WOONSOCKET — Mayor Leo T. Fontaine remained unopposed in his bid for re-election as the campaign season opened Monday, but who jumps in — and who doesn’t — may depend on the outcome of a new poll in which two potential challengers to the first-term incumbent are named.
Cumberland political pollster Joe Fleming said his company has been hired to conduct research on how former Mayor Susan D. Menard or State Rep. Lisa Baldelli-Hunt (D-Woonsocket) would fare in political competition against Fontaine. But Fleming won’t say who hired him.
“When you do a survey for a client, it’s for internal use,” said Fleming. “It’s not for public use.”
Fontaine and Menard both deny having commissioned the poll. Baldelli-Hunt did not return a phone message inquiring about the poll.
Menard, who disclosed last week that she might challenge Fontaine, openly admitted that she had considered hiring Fleming & Associates to do some polling on her prospects. But she dropped the idea when she found out Fleming was already working for another client interested in the same contest. Menard said she herself got a call from one of Fleming’s researchers on Sunday and answered about a dozen questions.
“I can tell you this,” she said. “Whoever engaged the poll will know exactly where they stand and whether they should enter the race.”
Among other things, the poll asks respondents how they would vote in a three-way race involving Fontaine, Menard and Baldelli-Hunt; how they rate Fontaine’s job performance on several key issues; who they would vote for if the election were held today; and whether they would vote for Fontaine or Baldelli-Hunt in a two-way race.
One of the job-performance questions is about the upkeep of the city, an issue Menard raised when she disclosed last week that she was considering running against Fontaine.
Menard, 62, served a record seven terms as mayor after being elected in 1995 as the city’s first female chief executive.
As of yesterday, Menard said her position remains unchanged — she’s still thinking about entering the fray.
About a month ago, Baldelli-Hunt seemed to indicate during an interview that she was not interested in challenging Fontaine, but she later suggested to a reporter that her remarks had been misconstrued. As recently as last week, she declined to clarify her intentions on the record, however.
A state lawmaker since 2006, Baldelli-Hunt is a Democrat who represents District 49. She is a small business owner and a former postal worker who served as president of the American Postal Workers Union local for four years. A champion of efforts to restore ailing World War II Veterans Memorial State Park, she is also the niece of former Mayor Charles Baldelli.
Yesterday marked the opening of the seven-day declaration period, when candidates are legally obligated to file formal documents at City Hall in order to reserve a spot on the Nov. 8 ballot. Declarations are not ironclad, however; candidates can still back out during the nomination period next month simply by choosing not to follow up with more required paperwork.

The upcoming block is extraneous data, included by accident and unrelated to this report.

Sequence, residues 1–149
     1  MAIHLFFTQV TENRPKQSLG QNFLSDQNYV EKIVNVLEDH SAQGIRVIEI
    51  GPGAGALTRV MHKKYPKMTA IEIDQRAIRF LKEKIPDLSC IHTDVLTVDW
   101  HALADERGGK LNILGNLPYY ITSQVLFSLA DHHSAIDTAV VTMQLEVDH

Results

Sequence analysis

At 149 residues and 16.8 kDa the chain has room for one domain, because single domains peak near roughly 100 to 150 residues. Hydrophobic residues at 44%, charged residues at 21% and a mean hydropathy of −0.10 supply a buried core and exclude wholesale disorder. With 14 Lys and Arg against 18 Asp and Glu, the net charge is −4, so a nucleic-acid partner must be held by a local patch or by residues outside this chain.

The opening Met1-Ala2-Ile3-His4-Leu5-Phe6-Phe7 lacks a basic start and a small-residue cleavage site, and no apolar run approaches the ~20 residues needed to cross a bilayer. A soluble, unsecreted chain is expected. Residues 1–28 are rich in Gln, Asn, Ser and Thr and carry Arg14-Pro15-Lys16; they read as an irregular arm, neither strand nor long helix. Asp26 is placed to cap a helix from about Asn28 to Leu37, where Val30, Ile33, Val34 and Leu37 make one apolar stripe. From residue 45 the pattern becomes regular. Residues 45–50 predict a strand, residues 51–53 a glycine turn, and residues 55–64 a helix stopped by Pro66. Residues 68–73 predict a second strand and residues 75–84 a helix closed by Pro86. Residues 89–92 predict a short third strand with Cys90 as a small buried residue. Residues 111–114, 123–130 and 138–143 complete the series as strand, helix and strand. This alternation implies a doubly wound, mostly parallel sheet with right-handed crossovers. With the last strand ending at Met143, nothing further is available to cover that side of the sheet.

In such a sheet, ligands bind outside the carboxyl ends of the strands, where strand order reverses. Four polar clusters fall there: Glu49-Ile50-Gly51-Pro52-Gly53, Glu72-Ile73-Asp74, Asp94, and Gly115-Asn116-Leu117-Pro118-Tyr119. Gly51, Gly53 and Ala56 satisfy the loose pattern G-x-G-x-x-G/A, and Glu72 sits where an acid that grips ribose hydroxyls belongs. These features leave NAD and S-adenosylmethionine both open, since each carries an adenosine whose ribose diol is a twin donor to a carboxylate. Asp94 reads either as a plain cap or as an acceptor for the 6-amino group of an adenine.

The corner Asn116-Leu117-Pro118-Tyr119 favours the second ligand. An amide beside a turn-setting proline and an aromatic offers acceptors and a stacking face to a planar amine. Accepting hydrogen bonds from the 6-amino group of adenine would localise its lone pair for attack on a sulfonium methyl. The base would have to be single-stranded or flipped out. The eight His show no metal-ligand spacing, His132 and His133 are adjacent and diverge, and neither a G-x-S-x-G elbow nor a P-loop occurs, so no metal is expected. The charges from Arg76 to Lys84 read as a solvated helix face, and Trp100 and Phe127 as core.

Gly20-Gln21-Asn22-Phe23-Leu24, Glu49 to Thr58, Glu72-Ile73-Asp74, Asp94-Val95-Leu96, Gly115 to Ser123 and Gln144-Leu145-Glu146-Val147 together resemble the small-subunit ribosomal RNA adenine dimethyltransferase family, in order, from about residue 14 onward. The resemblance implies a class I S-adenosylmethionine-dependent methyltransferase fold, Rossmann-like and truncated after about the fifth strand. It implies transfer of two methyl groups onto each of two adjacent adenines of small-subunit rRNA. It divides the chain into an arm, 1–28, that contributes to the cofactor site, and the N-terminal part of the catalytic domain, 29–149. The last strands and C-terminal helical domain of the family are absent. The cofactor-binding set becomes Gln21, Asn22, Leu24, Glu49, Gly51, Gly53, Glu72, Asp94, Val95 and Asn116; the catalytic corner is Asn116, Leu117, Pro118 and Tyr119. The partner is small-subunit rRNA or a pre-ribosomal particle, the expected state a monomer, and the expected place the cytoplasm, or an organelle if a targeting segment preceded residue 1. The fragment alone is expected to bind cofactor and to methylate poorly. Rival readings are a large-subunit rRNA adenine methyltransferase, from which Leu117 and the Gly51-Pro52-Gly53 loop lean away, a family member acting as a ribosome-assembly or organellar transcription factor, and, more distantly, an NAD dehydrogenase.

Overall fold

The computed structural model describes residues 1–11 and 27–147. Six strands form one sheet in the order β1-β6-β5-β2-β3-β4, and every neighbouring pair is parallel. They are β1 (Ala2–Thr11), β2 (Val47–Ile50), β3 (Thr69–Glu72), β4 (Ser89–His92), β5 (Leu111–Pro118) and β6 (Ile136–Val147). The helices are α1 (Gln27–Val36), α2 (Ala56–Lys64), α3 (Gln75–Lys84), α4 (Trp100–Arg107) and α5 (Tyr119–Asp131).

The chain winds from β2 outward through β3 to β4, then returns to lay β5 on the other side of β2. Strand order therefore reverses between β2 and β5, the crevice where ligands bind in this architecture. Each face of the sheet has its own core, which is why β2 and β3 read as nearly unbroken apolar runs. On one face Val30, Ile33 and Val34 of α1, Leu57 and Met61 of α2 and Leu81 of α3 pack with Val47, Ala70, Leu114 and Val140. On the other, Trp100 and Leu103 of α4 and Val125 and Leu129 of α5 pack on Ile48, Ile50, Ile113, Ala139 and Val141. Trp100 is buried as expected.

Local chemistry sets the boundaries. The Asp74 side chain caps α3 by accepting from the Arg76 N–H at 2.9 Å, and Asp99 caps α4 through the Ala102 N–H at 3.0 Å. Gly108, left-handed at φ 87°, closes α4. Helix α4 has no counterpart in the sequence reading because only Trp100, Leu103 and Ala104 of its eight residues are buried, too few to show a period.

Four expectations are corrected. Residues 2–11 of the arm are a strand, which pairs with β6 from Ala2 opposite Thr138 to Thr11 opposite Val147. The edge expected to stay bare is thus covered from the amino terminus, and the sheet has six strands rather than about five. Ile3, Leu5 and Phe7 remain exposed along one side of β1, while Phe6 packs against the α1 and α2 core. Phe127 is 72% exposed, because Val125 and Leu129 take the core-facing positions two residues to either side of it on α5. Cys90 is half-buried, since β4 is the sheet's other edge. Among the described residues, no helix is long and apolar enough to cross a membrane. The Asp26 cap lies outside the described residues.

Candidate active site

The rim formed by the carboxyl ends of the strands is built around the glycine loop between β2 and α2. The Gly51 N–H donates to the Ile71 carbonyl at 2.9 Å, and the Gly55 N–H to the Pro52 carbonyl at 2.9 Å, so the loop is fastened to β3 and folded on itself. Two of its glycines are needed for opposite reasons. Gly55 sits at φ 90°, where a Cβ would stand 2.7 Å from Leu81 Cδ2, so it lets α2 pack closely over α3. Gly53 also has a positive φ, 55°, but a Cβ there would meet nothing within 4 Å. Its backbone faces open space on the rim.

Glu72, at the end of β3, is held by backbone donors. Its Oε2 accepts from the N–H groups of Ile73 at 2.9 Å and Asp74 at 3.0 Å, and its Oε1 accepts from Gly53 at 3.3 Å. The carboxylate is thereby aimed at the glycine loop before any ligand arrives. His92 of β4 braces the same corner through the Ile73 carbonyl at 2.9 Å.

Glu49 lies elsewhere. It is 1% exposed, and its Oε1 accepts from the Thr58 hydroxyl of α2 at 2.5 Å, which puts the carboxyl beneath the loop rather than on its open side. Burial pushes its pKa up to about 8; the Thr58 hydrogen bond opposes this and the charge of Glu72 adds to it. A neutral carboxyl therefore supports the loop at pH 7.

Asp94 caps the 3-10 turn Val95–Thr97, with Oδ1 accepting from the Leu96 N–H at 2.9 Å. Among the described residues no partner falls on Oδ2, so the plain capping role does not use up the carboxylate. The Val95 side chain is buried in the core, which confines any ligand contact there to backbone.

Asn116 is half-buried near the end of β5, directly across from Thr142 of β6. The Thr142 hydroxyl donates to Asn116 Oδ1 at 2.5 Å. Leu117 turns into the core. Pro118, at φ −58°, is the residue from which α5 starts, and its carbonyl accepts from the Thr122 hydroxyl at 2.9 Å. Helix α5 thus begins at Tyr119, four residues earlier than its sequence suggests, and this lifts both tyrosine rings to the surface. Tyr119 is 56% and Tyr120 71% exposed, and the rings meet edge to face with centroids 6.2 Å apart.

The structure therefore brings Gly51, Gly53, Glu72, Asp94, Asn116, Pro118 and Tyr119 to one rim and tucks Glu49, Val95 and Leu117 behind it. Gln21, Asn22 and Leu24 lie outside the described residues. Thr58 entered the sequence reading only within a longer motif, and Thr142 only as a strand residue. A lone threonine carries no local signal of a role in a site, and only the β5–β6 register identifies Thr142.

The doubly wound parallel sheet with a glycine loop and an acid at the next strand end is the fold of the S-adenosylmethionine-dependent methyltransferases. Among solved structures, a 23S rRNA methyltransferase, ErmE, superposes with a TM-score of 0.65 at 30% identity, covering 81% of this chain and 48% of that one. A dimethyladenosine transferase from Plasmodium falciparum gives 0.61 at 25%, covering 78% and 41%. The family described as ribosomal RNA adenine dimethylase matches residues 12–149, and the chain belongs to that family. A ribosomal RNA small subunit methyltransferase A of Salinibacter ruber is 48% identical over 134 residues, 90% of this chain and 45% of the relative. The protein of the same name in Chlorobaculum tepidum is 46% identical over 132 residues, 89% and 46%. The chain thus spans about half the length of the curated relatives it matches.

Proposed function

As of the close of business yesterday, Fontaine was the only person to file papers to run for mayor. The 42-year-old chief executive said he’s running because there is still more work to do to put the city back on the road to financial recovery.
“We need to continue working to stabilize the city’s finances and protect the city from going the way of Central Falls,” said Fontaine, referring to the latter’s city’s recent bankruptcy filing.
While no other candidates for mayor surfaced on the first day of the declaration period, the filings were also noteworthy for who didn’t choose to run for mayor.
Michael Moniz, an also-ran in at least a half-dozen races for various elective offices in the last decade, filed papers to run for City Council instead of mayor. It was an apparent last-minute change of heart for the 63-year-old, who issued a press release months ago announcing his intention to seek the city’s highest elective post.
Though Fleming declined to reveal who’s behind the mayoral survey, he made it quite clear that whoever it is must pay a sizable bit of cash for the research.
The introductory price for political surveys is around $5,000, but they can be much more costly, depending on the number of questions, the size of the polling sample, and how narrow a margin of error the client is looking for.
In general, Fleming said a solid poll for a voter pool the size of Woonsocket’s would require data from approximately 300 completed surveys. But Fleming said researchers might have to make as many as 1,200 telephone calls to reach the required number of willing and available respondents.